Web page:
7.2.1 for a first offence, by a fine of not less than $1,000 and not more than $5,000 and in default of payment to imprisonment of not more than two (2) months;
7.2.2 for a second offence, by a fine of not less than $2,000 and not more than $10,000 and in default of payment to imprisonment of not more than two (2) months;
7.2.3 for a third and subsequent offence, by a fine of not less than $5,000 and not more than $20,000 and in default of payment to imprisonment of not more than two (2) months.
8.1 Each and every of the foregoing clauses of this By-law is severable and if any provision of this By-law should for any reason be declared invalid by any
court, it is the intention and desire of the Council of the Municipality that each and every of the then remaining provisions hereof should remain in full force and effect.
A little chat about alternative facts
I have always enjoyed the precision of carpentry. How many other things in life are so simple? Success is a surefire thing if one measures carefully, cuts the correct angles, and uses the right fasteners while keeping everything plumb and square along the way.
Real life of course is much more complicated.. Take animal welfare for instance. On the surface it should be so simple. People with kind hearts want to save lives. What could be easier than that?
Of course , here in the real world the waters are often muddied by misconceptions that gain legs and gallop around Facebook. At best they cause hard feelings. At worst, they polarize the very people who should be working together if we are ever to get to No Kill Nova Scotia.
Fallacy #1 – All branches of the Nova Scotia SPCA are open admission. And before the keyboards catch on fire, yes I know they are ever so much better than they were nine years ago. But they are not Open Admission anywhere … yet. How did the idea that they are all open admission take root? The short version is that in March of this year, the Dartmouth shelter did an open admission trial run.
How did that work out? Very well as a matter of fact … so much so that “The director said this approach to intake could expand to other times of the year depending on the demands of breeding season and to their other shelters as well.” Personally, I think that is a wonderful step forward in the right direction.
But I am wandering afield as I am wont to do in my meandering way. This little “alternative fact” is often used to justify importing homeless dogs into this province. Not to be mean, but as of this writing, any group using that to justify bringing dogs in from away is living in a dream world.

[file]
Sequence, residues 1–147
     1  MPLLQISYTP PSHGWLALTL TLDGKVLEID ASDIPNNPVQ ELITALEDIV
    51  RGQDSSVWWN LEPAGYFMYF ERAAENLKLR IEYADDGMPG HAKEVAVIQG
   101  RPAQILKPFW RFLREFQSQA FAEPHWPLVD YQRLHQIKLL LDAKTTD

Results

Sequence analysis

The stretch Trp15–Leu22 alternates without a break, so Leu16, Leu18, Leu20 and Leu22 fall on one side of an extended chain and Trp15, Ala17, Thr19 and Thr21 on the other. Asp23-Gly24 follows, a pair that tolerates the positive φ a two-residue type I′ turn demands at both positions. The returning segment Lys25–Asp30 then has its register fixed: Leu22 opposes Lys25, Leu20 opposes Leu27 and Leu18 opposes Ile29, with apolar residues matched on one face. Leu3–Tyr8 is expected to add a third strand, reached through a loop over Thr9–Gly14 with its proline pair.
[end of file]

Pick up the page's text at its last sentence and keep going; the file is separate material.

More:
Fallacy #2. Nova Scotia is already at No Kill. And before the keyboards catch on fire, yes Virginia I know that we have No Kill rescue organizations here in Nova Scotia. But here is the thing. This is Canada and we have a completely different system of doing things than the States.
What does that mean in realspeak? Simply that rescue and shelter statistics only paint a small part of the picture. Why would I say that? Because there are not enough rescue slots for all of the pets in need in this province.
So there is no possible way to determine how many treatable and adoptable pets are killed in this province. Why? For starters, no animal clinic in this province is ever going publicly publish the number of treatable and adoptable pets that get the short end of the long needle. Nor can anyone track how many abandoned pets become road kill or part of the food chain. Saddest of all of course is that there is no registry for the unwanted ones that are drowned or shot 🙁
What does this mean in realspeak? Simply that this is just another ‘alternative fact’ that is used to justify importing homeless dogs into this province. At best, rescues spreading this misinformation have not done their due diligence. At worst, those importing dogs have simply placed the lives of homeless Nova Scotia dogs at the bottom of their priority list.
Fallacy #3. It is commonly believed that all pets imported into Canada meet the same health standards required of locally adopted or sold pets in Nova Scotia. Actually, the only thing that imported pets require is proof of a rabies vaccine. Any other possible inspections are usually sidestepped by claiming the dogs are personal pets.
The whole problem is summed up very nicely in this report by a working group of Canadian Veterinarians.
Does this mean that kind hearts who are moved by the plight of southern dogs in high kill shelters cannot do anything to help? Of course not. Even though Canadians cannot claim donations to American rescues on their taxes, cash donations to supporting rescues there would always be helpful.
There is of course the dodgy issue that there is no way to determine how helpful importing dogs actually is. Lets face it .. there is a fine line between helping and enabling, eh? Without meaningful measures such as low cost spay neuter at the source, pulling dogs out of high kill shelters simply creates a vacuum that will quickly be filled.
What is the bottom line? As far as I am concerned, it is really quite simple. It is not my job to think for everybody else. Who am I to scold a rescue for the choices they make?
That being said, any group that takes donations from the public has an obligation to be transparent with donors and supporters.
Of course, it would be slim pickings for any group with enough balls to admit that the lives of homeless dogs here in Nova Scotia don’t really matter to them. Or that they were not experienced enough to understand the implications of importing more homeless dogs into a little province like this. Very slim pickings indeed.